Making a Difference: Students provide "A Moment of Magic" for critically ill kids

Published: May. 3, 2019 at 4:31 PM CDT
Email This Link
Share on Pinterest
Share on LinkedIn

As a first year nursing student at the University of Wisconsin-Madison,

Tori Matson spends countless hours in a classroom learning how to care for patients.

While learning the science of medicine....she's also learning fiction has its own special powers.When Tori Matson turns in her scrubs, and turns into Princess can turn the day around for American Family Children's Hospital's youngest patients. Matson said, "The very first time I went on a visit, it really hits you."

Tori is the founder of the UW-Madison Chapter of A Moment of Magic Foundation. The “visit” she’s referring to? That’s when A Moment of Magic student volunteers dress up like fairy tale princesses or superheroes and visit critically ill kids.

While wearing a Princess Aurora wig and gown during a recent visit, pediatric patients smiled and asked questions like, "How far away are your guys' castles?" After talking with two “princesses” another young patient remarked, "Mommy. They were at a ball last night....and Cinderella actually lost her shoe!"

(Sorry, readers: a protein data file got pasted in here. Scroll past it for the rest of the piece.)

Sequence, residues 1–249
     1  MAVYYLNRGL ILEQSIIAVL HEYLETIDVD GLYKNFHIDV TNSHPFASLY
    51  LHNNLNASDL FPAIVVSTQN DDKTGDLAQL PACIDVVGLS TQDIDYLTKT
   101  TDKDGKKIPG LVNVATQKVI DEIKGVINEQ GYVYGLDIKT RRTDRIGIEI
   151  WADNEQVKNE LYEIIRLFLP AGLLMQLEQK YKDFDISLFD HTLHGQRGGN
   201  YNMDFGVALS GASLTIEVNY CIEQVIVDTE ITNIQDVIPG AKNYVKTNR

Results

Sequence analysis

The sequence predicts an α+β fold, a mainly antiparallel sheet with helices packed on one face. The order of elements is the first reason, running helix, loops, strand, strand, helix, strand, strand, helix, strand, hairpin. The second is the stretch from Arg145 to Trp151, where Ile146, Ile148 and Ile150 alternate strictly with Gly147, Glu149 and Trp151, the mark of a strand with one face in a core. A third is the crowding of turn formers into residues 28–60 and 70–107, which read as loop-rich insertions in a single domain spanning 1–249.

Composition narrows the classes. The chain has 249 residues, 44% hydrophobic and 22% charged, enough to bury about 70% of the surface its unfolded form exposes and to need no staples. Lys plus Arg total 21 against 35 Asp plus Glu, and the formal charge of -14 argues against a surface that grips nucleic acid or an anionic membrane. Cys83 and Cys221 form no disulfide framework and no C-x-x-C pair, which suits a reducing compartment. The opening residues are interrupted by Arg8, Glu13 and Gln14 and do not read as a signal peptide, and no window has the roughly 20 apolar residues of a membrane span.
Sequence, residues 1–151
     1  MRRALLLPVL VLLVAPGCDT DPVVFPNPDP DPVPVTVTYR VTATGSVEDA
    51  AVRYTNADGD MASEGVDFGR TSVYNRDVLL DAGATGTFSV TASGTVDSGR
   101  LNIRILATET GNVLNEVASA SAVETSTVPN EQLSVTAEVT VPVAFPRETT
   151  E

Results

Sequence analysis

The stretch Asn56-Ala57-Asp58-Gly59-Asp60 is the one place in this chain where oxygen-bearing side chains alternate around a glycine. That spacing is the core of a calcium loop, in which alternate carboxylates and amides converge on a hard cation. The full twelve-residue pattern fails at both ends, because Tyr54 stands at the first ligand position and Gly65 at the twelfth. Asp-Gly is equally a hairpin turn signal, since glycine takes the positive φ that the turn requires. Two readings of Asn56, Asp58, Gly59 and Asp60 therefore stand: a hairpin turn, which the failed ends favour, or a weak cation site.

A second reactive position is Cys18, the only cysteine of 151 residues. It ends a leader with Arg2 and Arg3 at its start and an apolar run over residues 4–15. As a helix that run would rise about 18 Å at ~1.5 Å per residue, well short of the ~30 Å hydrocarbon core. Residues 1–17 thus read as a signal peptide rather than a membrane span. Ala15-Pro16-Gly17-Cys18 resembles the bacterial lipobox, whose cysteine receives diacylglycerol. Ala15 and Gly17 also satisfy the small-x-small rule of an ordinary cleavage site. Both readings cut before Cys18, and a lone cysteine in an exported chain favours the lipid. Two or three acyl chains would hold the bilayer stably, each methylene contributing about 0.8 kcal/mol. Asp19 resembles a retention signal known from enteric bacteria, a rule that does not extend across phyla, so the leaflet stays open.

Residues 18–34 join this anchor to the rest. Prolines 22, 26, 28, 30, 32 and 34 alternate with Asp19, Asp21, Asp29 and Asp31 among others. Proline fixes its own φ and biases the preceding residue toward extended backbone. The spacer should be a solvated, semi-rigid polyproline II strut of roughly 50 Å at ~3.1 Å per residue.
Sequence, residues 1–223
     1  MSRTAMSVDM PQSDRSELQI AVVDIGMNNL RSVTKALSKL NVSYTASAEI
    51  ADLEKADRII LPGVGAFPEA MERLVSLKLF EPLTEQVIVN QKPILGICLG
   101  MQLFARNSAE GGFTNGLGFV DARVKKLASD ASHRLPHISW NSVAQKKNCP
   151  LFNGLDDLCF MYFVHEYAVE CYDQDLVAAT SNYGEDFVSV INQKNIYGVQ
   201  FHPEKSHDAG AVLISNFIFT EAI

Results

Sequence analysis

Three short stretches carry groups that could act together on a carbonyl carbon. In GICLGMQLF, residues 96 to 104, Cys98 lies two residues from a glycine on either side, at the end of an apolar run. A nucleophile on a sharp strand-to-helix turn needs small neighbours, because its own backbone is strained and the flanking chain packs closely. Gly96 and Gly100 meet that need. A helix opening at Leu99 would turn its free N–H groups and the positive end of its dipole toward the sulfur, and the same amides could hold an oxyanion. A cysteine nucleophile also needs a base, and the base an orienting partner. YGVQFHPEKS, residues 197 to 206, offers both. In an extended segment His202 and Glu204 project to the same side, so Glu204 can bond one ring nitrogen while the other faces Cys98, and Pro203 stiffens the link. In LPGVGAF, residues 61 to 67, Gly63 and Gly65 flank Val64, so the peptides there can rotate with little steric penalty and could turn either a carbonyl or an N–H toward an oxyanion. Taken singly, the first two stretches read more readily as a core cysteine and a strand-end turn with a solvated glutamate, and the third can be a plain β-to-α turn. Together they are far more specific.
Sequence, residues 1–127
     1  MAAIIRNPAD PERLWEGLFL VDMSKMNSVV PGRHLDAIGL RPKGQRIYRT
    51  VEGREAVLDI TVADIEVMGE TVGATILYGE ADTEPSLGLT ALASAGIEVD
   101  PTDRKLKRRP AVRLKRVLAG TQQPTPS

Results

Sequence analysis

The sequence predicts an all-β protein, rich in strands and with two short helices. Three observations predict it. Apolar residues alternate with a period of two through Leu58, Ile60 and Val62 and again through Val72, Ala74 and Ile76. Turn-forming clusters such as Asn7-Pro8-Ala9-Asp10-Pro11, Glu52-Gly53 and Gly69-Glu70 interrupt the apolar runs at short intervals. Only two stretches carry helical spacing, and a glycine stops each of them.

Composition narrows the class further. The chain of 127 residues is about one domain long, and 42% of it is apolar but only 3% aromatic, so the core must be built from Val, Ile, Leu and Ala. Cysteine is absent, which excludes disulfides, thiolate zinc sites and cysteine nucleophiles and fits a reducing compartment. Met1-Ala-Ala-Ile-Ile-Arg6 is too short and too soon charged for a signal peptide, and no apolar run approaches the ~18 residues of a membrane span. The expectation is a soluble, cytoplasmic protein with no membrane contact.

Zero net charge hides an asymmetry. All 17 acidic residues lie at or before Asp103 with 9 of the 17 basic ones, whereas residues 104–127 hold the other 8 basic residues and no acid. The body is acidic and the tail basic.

Matson said, “For them to be able to see a character who is a superhero to's almost….from a fairy tale! You might think, oh they just dress up as characters. It's just for fun. But it truly brings them....a piece of their childhood back."

When Tori saw a Facebook video about A Moment of Magic, which is a national non-profit with local branches, she knew she had to start a U.W.-Madison chapter.

"I saw the joy that it brought to so many kids. Their eyes and their faces just lit up. We just all saw that there was such a need to bring these kid just that little bit of magic."

Now, some 35 U-W students have joined the U-W chapter Tori founded, bringing smiles to patients and princesses alike....and it's made Tori realize she wants to be a pediatric nurse.

"It changes their life, and it really just shows you that there is so much enjoyment, excitement, and beauty in the small things, and it kind of reminds you just to take a second and just realized that you are blessed with so many things. I just want to take every chance I can to change their life and make things just a little bit easier for them."

Wiping away tears, one patient’s mother said, "This is great. This is the first time she's really moved all day…so it's been really great."

Sometimes a little magic is the best medicine.